Discover a simple technique of indoor light painting. With a basic tool such as a flashlight and using Luminar, you can get as creative as you want!

Image by Jason Hahn

Some days I just have to grab a camera and spend quality time looking through a viewfinder.  While it's rare that mother nature presents weather so bad that I won't venture into it, my photo subjects tend to think differently.  Combine wind, rain, and dim skies, and you have a recipe for staying indoors with your camera.  I have come up with many "rainy day" photo projects, to provide an outlet for when you just have to scratch that photography itch, while also not breaking the budget.

The key to doing this work is to source the gear from common suppliers like Home Depot, Walmart, Ace Hardware (or any hardware store for that matter.) Keeping the cost down makes it accessible and most of all fun to do.

Light Painting With Flashlights

During your trip to the hardware store, pick up some LED flashlights. They are perfect for painting with light. 

One of my favorite photo projects for the great indoors is light painting, a very simple technique requiring minimal equipment.  I find it very addictive, offering all sorts of creative possibilities.  Compositions and techniques can be as complex as you like. It's a process that can grow with your skills while remaining budget friendly.

While it's a popular technique used on a larger scale for night-time landscape photography, it's well suited to still life, macro, and even portraits.  The recipe for light painting indoors is very simple:

Find something to take a picture of

  • Get your camera set up, on manual mode, with a shutter speed of around 30 seconds
  • Turn off the lights so you have a pitch black room
  • Take a picture, and shine a flashlight on your subject during the exposure

Congrats, you have now light painted!

Think of light painting like this.  The painting is already there, it's just hidden in the darkness.  You reveal the subject and scene using your lights.  Like a painter selecting brushes, you can pick different types of lights to use; brighter, softer, bigger, smaller, it's up to your creativity and what you want to reveal.  The longer you play light across an object during your exposure time, the brighter it will be.  Because we can work in three dimensions, you can apply light from just about any angle to create different effects and shadows.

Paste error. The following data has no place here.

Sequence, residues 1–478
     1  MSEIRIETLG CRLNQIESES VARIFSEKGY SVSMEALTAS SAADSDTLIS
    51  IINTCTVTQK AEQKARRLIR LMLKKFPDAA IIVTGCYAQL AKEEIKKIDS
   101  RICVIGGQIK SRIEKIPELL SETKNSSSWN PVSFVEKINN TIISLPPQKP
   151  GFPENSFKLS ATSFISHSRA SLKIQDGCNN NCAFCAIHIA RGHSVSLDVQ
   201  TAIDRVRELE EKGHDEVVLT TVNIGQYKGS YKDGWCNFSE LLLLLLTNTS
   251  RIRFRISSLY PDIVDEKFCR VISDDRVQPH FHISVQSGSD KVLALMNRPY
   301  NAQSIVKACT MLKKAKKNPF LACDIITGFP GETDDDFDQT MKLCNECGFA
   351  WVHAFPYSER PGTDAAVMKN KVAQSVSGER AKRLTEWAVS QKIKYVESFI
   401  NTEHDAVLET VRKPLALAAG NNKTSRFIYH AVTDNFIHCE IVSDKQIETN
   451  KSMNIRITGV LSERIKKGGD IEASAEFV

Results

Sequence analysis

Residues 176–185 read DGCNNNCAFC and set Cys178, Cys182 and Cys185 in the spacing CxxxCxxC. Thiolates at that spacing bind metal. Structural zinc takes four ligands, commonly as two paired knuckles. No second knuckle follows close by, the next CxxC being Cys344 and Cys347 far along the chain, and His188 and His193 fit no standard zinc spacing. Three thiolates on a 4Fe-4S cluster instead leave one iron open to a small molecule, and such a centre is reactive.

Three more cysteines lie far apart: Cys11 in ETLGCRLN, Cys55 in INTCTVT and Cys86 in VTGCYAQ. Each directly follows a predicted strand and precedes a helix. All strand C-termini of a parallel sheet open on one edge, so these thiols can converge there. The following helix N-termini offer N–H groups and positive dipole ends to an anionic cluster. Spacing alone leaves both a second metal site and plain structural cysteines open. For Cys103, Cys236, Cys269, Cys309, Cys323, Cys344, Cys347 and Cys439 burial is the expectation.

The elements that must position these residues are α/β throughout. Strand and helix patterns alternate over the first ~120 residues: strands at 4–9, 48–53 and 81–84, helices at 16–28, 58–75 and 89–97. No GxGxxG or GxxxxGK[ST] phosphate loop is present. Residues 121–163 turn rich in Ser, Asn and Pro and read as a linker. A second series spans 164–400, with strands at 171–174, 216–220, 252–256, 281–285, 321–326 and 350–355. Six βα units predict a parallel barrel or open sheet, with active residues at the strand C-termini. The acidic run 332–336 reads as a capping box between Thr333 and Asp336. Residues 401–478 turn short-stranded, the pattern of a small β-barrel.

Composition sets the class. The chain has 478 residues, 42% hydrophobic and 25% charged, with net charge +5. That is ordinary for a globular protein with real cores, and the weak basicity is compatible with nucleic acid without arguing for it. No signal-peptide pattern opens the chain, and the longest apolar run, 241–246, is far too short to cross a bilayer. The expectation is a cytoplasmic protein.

Being in Two Places at Once

One of the toughest things about light painting is getting the light to all the right places and angles in the time you have.  This is where adding an adaptable support like the Impact Flex Arm Super Clamp Kit is a good idea to help you be in more than one place at the same time.  It enables you to produce multiple types of lighting effects without having to run around in the dark, risking an expensive trip and fall into your setup and gear. 

Using the Flex Arm attachment, you can mount a variety of lights to create different effects.  Probably my favorite to use is a compact LED video light for a soft fill light from the side and front. It's also easy to adapt GoPro accessories to hold other lights on a Super Clamp and Flex Arm.  To me, GoPro parts are like Lego's for photographers. They are fun to use to make all kinds of cool things with.   


With the main LED light on, I used another flashlight to paint in the shadows. I checked my work on my computer. (I tethered it to the computer.) If you don’t tether, use the camera’s monitor to check your work. 

Experiment with using only the flashlight without the LED panel. Frankly, if you don’t have one of these, it really isn’t necessary. 


Luminar Makes It Easy To Combine Different Photos

Chances are that you will have several photos with different areas lit by your flashlights. Bring each one into Luminar as an image layer. Change the blending mode from normal to lighten. The lightest area of each layer blends into the darker areas below it! With Luminar, you can even mask out areas that don’t belong with the Brush tool.


These photos of my CF cards are the parts that I combined in Luminar to make the final photo.

Try It Yourself!